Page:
In the interim however, as tourists, we too can partake in attempting to minimise tourism’s footprint on the continent. Those undertaking the travel or knowing parties that are can move towards ensuring that:

  • the travel is undertaken with companies that comply with IAATO
    • ensure environmental protection measures have been adopted and
    • help and rescue is more easily accessible
  • responsible behaviour is adopted and encouraged among fellow passengers as well
  • wildlife is not approached too close to avoid disturbance, threat and stress
  • on return, the potentially profound experience is shared such that it also educates people of
    • the delicateness of the environment
    • imperativeness of conservation and preservation
    • what negative impacts tourism and other human activities are having on the ecosystem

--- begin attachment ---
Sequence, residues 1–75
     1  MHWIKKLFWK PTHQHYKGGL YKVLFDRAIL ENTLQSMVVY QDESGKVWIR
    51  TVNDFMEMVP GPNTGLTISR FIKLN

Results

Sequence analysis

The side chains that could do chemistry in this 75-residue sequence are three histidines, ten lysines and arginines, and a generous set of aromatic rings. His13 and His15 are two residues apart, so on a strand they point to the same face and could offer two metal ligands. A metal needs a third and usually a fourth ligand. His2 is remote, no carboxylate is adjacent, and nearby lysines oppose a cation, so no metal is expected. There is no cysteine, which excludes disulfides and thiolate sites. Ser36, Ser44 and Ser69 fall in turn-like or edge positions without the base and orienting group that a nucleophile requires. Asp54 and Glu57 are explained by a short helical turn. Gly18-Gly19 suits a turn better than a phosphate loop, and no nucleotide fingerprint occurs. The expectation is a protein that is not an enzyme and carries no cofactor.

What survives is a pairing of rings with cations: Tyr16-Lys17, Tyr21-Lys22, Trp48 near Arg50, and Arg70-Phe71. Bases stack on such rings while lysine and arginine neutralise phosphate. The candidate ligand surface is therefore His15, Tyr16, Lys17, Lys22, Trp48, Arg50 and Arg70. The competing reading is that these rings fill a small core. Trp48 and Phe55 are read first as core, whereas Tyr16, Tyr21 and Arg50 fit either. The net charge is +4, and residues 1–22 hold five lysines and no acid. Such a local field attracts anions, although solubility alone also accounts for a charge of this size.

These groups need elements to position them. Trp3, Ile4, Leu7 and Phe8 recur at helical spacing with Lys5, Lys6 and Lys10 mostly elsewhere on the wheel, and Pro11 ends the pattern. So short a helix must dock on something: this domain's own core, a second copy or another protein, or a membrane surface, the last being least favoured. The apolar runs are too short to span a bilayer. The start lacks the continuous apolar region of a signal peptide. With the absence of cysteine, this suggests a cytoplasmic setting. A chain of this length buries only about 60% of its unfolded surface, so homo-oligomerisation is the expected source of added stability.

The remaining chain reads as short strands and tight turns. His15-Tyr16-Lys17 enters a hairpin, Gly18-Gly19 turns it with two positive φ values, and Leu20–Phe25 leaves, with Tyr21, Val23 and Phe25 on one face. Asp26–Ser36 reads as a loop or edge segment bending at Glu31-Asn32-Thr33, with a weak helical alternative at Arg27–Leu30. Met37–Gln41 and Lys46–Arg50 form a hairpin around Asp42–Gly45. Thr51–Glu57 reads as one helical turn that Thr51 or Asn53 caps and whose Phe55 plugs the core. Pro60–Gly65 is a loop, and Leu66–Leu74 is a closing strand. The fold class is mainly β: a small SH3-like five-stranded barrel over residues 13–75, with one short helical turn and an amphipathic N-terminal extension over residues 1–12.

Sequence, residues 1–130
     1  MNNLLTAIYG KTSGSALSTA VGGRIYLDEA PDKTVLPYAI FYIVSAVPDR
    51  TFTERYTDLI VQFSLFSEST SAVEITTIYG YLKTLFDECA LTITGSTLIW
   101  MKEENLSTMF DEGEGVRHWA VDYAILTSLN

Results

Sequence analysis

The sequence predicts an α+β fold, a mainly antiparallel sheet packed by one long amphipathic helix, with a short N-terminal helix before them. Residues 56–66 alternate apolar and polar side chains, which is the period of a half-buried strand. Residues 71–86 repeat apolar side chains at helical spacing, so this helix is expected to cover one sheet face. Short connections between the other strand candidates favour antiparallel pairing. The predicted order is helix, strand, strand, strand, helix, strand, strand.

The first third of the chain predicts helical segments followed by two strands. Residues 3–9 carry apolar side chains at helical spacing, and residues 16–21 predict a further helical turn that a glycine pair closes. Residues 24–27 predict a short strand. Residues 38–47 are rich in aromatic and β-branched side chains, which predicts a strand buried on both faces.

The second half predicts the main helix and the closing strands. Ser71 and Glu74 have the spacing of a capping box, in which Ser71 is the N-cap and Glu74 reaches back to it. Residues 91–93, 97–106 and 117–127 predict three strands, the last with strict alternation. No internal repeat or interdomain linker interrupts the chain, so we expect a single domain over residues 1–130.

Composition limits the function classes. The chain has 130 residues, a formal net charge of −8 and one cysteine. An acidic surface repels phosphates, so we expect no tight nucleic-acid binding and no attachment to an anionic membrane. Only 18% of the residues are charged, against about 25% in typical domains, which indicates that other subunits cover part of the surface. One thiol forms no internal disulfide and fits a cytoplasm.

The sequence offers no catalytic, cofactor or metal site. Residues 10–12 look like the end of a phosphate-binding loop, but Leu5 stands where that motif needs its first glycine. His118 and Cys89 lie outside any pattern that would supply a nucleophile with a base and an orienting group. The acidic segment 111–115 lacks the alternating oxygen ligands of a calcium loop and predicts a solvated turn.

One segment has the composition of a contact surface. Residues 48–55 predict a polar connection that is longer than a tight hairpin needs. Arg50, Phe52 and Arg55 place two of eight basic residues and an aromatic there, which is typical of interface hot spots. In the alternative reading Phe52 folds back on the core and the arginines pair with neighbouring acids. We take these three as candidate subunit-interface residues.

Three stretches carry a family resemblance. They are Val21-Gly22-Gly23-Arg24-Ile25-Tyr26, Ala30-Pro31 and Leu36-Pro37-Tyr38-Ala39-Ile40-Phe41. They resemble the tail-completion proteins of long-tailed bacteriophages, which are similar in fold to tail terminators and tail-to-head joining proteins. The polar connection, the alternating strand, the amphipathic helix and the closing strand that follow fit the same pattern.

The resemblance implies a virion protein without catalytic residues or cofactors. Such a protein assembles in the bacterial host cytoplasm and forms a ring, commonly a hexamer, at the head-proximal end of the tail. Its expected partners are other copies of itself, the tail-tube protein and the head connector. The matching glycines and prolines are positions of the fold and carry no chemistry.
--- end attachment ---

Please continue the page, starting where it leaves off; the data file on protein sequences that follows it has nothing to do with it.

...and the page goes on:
• guides potential tourists towards responsible ways of undertaking the visit

Adopting these practices can help manage the negative impact of tourism to a marginal extent, but shall nonetheless add up when taken up across all travellers. To mitigate the actual impact and its extent, more robust policies and enforcement is required. Till then knowledge and widespread education on the topic can help garner a voice for when the Antarctic Treaty is drawing near its close.

References:

  • Erize, Francisco J., The impact of tourism on the Antarctic environment. Environment International, Volume 13, Issue 1, 1987, Pages 133-136
  • Dessler, Andrew, Introduction to Modern Climate Change. Cambridge University Press, 2015.
  • Sands, Philippe, Principles of International Environmental Law. 2nd Edition, Cambridge University Press, 2003
  • NASA, Mass Gains of Antarctic Ice Sheet Greater than Losses. 2015,https://www.nasa.gov/feature/goddard/nasa-study-mass-gains-of-antarctic-ice-sheet-greater-than-losses

About Nupur Gill

Nupur is an environmentalist at heart who enjoys writing & sharing knowledge with people. Having pursued BBM from Christ University & Masters in Environmental Studies from Imperial College, London she had a lucrative corporate career before co-founding 'Perennials'. She believes knowledge can transform lives and in her downtime enjoys travelling and reading.